Talk about being lost after eight years of failure on so many different levels!
It is uncertain whether the Air Force will be able to acquire new satellites in time to maintain current GPS service without interruption.
If not, some military operations and some civilian users could be adversely affected.
– GAO Report on GPS status
(Illustration found here).
One of the most-used modern marvels is the GPS navigational system.
The operation touches so many areas in so many different way, its break-down could cause more than just pain-in-the-ass problems, but could be dangerous.
And it could start to crash in a few months — in 2010, which to my reckoning is next year.
From PC World this morning:
Considered by the GAO to be “essential to national security” the GPS is also widely used by business and consumers and is a driver for next-generation location-based mobile applications used with smartphones and other devices.
And, too, this flip:
It is hard to imagine the U.S. government could allow this to happen.
Actually, that’s a lie, it’s easy to imagine, but there is also time for corrective action to be taken.
The first replacement satellite is expected to be launched this November, some three years after the original launch date.
Speeding up future launches can solve the problem, but is likely to come at a high price.
Just another problem linked to the asshole, incompentence of George Jr.’s eight year as head honcho.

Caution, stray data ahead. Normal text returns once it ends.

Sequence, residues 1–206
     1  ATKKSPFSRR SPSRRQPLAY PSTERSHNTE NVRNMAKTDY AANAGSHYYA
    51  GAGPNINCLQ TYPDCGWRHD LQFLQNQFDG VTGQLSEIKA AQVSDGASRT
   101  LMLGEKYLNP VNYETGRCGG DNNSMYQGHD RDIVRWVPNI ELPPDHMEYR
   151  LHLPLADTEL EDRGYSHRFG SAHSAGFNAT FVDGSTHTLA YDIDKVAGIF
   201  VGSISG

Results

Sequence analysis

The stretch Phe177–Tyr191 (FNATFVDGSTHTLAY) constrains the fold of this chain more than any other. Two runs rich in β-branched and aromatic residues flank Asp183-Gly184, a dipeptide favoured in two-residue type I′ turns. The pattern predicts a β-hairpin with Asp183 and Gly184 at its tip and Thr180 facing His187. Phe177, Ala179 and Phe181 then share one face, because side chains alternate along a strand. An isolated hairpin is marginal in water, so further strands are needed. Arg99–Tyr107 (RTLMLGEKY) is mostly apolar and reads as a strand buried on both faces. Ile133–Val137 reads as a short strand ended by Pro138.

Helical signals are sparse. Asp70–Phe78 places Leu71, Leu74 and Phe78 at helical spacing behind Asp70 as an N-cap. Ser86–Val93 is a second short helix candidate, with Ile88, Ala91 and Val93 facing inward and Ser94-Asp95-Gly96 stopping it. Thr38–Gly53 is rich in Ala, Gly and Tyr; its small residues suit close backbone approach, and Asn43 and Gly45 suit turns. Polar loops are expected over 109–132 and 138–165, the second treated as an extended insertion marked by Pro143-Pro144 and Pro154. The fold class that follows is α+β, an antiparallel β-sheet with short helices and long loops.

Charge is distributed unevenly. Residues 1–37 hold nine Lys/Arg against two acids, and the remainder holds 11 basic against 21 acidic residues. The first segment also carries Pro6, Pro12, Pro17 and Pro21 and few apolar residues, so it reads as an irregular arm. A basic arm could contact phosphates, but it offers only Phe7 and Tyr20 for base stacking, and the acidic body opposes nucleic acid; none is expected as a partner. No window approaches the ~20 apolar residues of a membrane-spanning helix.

The first replacement GPS satellite was due to launch at the beginning of 2007, but has been delayed several times and is now scheduled to go into orbit in November this year — almost three years late.
The impact on ordinary users could be significant, with millions of satnav users potential victims of bad directions or failed services.
There would also be similar side effects on the military, which uses GPS for mapping, reconnaissance and for tracking hostile targets.
Some suggest that it could also have an impact on the proliferation of so-called location applications on mobile handsets — just as applications on the iPhone and other GPS-enabled smartphones are starting to get more popular.
When one is throwing huge chunks of cash at waging never-ending war, torturing people and invading countries some project might slide through the old cracks in the foundation, and, not being too smart, also allow valuable operations to fade, fade away.